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Sarah Kerr's curator insight, November 7, 2013 1:02 AM

This scoop is about how some wooden water wells that were excavated in Eastern Germany give insight on to what the earliest wood was used for the wells. 

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Antiquity: Project Gallery

Antiquity: Project Gallery | Archaeology Articles and Books | Scoop.it

A 213-year oak tree-ring chronology has been constructed from timbers from several sites from first-millennium AD Constantinople, in particular, from the study of over 2000 samples from harbour installations at Yenikapı, Istanbul (Pekin & Kangal 2007).

 

A tentative dendrochronological placement of the 213-year sequence against other tree-ring series suggests an absolute date range of AD 398–610 for the time-series (Pearson et al. submitted). We report a radiocarbon dating project to provide an independent near-absolute chronological placement for this important chronology.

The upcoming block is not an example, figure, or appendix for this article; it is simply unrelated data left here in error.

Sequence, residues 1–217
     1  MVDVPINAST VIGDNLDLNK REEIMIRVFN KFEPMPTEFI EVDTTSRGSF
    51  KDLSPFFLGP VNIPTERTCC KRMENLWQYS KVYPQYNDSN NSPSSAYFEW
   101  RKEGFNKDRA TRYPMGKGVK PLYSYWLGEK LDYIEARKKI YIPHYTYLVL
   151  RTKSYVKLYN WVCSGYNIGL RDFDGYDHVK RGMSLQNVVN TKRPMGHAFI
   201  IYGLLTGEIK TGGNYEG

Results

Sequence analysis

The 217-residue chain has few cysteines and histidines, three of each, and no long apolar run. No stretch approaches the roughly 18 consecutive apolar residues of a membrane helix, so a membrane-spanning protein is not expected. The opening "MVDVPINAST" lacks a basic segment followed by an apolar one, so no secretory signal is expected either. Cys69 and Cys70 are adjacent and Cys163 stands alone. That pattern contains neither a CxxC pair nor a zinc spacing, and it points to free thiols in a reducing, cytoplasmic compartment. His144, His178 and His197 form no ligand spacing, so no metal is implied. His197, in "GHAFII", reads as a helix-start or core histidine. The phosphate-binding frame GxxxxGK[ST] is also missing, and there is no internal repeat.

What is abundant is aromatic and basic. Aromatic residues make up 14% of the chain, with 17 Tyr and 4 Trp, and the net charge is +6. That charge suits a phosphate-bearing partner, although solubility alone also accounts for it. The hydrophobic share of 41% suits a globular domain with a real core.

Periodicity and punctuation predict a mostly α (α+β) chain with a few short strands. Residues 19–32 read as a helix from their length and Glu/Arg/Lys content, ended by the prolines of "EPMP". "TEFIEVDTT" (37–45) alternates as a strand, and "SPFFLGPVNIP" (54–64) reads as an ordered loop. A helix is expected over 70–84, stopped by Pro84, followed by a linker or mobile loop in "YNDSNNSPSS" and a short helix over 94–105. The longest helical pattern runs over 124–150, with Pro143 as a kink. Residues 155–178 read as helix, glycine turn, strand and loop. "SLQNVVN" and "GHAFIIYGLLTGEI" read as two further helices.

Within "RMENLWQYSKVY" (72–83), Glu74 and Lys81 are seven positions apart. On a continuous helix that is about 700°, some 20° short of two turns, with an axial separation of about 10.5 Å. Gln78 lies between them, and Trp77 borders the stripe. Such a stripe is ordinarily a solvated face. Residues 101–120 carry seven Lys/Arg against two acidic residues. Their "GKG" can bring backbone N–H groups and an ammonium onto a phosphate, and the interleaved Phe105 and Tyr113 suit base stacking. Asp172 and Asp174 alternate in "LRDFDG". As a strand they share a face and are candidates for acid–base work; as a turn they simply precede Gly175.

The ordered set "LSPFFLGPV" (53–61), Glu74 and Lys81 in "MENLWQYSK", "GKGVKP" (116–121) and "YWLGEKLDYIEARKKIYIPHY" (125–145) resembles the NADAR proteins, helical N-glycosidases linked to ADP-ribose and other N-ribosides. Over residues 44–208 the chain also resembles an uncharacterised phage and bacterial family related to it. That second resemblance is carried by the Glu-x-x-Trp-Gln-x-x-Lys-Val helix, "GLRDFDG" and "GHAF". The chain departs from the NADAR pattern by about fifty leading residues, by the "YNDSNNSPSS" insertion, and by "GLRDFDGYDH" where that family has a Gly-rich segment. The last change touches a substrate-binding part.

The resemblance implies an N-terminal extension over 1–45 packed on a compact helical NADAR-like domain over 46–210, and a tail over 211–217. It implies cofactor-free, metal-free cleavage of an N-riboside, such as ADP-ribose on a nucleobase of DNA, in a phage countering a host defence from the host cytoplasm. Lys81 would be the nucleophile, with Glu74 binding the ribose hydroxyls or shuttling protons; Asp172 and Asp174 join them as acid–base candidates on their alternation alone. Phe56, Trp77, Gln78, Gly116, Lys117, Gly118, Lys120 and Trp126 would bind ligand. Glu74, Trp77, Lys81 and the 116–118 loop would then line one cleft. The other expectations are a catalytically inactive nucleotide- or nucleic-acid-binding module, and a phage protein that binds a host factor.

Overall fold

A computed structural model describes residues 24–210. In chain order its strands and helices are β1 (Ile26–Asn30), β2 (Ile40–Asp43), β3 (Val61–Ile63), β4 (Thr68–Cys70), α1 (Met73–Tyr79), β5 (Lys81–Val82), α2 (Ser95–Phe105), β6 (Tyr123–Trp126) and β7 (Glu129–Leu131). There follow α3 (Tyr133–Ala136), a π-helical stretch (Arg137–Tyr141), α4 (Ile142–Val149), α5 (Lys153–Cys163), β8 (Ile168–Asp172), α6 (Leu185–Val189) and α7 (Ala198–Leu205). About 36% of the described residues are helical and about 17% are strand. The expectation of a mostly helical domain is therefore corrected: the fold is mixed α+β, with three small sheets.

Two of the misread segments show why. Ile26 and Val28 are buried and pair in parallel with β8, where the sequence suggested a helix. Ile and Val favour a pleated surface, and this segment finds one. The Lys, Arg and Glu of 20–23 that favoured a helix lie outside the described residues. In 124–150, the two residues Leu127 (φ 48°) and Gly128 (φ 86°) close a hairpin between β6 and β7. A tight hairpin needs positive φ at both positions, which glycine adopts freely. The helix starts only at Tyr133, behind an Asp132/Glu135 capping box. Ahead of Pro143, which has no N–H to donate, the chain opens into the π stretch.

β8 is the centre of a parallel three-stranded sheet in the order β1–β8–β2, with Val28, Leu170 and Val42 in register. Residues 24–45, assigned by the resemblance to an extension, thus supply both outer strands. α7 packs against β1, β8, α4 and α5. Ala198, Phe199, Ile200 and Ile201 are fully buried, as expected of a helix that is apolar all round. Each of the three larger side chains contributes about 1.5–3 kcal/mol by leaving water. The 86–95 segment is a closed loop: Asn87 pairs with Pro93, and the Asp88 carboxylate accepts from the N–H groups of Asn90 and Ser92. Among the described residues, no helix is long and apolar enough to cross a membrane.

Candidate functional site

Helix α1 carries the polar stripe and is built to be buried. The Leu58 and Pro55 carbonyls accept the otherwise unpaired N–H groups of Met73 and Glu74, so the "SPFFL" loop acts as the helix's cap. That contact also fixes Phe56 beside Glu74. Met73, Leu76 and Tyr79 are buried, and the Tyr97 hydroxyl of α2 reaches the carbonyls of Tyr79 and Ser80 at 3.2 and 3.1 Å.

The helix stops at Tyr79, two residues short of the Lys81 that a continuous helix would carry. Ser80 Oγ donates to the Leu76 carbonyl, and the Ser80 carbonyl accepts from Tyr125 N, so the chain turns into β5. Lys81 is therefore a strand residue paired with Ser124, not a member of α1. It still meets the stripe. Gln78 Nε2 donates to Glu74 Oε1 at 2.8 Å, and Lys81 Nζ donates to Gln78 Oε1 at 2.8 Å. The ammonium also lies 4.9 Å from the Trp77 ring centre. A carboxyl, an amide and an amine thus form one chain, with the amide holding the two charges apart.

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This is pretty exciting news!

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The Rio Secco Cave and the North Adriatic region, a key context for investigating the Neanderthal demis

The Rio Secco Cave and the North Adriatic region, a key context for investigating the Neanderthal demis | Archaeology Articles and Books | Scoop.it

The disappearance of Neanderthals in Europe and in the northern regions of the Mediterranean basin is a debated topic in which the archaeological record plays a leading role in the development of models focused on the settlement dynamics of indigenous populations.